Supportive Counseling and Supportive Therapy for Depression
Not everyone with depression needs or wants analytical forms of therapy where previous feelings and experiences are revisited and explored. Neither do they necessarily connect with time-limited and structured approaches such as cognitive behavior therapy (CBT). In these circumstances counseling and/or supportive psychotherapy may provide a more acceptable and helpful alternative.
During supportive counseling the opportunity to explore and clarify issues that can offer a greater sense of wellbeing will be explored. Counselors will focus on your life as it affects you now, rather than your personal history, but they won’t be immune to reflecting on how your past might be influencing your current situation. Your problems and the way you see things become the real focus of attention.
Supportive therapy is something we’d like to believe is provided to every patient taking antidepressant medication. Many doctors and health workers are trained to conduct supportive therapy but the essence of the approach is the provision of comfort, empathy, reassurance and advice. It’s the immediacy of everyday pressures and troubles that supportive therapists work with. There’s no attempt to analyze unconscious mechanisms and very often the therapist will try to establish the bigger picture by finding out more from family and friends, where this is appropriate.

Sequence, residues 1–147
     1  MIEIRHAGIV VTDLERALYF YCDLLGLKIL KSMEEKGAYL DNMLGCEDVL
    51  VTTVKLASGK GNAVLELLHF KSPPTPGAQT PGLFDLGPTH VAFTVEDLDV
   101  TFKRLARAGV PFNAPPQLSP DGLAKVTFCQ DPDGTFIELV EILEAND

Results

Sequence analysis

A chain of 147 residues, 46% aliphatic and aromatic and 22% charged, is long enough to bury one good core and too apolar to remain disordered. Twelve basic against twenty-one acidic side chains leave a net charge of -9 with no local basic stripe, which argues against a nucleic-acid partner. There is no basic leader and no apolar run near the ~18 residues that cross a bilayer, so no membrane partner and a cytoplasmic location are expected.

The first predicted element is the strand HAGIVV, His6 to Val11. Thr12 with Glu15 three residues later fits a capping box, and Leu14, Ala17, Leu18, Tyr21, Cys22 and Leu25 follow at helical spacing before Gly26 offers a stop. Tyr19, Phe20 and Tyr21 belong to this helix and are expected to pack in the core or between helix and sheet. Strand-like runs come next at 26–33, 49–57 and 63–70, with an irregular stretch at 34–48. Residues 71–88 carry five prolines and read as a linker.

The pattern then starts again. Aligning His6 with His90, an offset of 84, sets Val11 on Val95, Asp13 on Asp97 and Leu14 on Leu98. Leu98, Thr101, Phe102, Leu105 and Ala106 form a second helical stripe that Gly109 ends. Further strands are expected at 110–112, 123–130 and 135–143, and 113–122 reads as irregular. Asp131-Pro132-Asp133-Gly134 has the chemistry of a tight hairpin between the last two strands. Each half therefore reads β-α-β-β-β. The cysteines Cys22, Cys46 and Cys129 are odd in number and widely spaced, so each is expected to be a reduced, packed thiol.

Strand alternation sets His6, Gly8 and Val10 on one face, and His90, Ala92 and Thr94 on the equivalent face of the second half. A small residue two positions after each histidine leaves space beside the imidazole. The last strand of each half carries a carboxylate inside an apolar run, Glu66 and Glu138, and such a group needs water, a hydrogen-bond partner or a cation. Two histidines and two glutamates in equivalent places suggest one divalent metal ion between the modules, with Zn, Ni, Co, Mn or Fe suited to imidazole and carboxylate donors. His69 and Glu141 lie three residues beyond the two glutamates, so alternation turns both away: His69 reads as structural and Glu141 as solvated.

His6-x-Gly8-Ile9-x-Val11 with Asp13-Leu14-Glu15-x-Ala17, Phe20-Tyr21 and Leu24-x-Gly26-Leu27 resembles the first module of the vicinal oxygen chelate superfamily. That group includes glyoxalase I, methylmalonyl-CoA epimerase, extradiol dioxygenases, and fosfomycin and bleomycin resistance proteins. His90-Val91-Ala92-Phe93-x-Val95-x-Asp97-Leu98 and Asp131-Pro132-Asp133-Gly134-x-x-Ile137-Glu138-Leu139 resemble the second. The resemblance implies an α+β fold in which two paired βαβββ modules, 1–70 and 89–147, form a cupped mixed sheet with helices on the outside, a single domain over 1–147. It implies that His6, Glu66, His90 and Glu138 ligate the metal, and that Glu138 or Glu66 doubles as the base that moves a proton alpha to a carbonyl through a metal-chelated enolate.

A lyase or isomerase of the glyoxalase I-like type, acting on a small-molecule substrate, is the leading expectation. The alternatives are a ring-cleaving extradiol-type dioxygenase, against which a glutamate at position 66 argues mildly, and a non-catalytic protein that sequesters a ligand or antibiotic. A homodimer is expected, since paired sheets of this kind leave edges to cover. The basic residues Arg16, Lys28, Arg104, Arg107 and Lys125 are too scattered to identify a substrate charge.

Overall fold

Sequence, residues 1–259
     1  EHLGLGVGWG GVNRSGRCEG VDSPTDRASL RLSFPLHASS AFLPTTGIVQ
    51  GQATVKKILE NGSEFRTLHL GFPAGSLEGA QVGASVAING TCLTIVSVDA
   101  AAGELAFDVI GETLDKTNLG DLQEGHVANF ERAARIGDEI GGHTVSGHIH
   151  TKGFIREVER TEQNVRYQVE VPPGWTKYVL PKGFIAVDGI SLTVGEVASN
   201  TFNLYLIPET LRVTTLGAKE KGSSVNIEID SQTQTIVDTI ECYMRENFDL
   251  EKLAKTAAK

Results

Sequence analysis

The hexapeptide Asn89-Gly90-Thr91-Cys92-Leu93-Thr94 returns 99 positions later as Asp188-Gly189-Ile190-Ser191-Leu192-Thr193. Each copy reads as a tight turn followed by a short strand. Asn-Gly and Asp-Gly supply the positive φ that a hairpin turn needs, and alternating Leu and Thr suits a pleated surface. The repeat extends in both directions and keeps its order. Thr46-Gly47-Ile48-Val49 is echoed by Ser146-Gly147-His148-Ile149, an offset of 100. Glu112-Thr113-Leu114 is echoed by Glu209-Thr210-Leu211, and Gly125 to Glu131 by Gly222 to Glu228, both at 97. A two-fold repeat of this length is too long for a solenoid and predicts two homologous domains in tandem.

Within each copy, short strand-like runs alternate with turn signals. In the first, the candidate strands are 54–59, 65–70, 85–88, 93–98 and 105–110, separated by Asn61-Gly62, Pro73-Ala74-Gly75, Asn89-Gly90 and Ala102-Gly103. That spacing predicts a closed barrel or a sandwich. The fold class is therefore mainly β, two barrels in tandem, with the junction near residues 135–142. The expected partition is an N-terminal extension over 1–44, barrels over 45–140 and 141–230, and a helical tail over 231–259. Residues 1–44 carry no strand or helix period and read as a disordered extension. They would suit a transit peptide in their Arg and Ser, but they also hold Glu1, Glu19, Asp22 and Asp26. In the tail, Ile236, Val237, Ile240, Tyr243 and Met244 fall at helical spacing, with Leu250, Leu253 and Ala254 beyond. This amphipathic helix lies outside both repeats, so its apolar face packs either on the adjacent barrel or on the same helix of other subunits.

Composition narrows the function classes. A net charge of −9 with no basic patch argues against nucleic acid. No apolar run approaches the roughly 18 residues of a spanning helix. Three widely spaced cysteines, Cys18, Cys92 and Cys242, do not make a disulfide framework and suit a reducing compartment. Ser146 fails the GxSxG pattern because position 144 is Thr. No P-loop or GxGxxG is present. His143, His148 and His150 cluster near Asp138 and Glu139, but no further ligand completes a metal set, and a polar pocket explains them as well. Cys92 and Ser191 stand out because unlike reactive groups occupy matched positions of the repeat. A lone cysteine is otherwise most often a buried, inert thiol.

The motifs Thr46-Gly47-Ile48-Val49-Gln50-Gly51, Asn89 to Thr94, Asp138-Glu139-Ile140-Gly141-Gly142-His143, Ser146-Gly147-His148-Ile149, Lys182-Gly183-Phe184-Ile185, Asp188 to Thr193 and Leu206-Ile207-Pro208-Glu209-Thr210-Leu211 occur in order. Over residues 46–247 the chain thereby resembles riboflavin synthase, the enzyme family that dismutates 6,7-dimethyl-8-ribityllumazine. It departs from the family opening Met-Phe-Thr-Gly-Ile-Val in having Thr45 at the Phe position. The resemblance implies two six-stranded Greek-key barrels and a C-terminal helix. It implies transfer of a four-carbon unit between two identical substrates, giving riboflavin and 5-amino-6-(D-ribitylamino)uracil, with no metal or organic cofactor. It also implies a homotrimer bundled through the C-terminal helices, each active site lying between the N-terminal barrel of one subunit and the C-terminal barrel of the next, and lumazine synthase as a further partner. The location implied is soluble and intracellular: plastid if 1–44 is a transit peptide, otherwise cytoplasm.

Supportive therapy uses the practical means at its disposal to help alleviate distress. A skilled therapist can inspire hope even in the darkest moments. They do this by showing patients and their families how to cope with the variety of stressful issues that can arise. They focus on the positive aspects of treatment. They inform patients about the nature and likely course of their depression, how to manage and adjust to it.
It’s not unreasonable to point out that therapeutic boundaries are often less rigid than my attempts at description might suggest. Therapists are usually very flexible and will sometimes attempt to integrate skills acquired from previous therapy. A counselor, for example, might encourage the use of a particular homework task found to be useful during CBT sessions. However, the role of the therapist may also be quite different. A supportive therapist is likely to be far more proactive and even opinionated in the advice and suggestions they provide. The therapist may share their own feelings about the patient and their progress in a way that seems much more natural, but always supportive and always with the welfare of the patient foremost in their mind.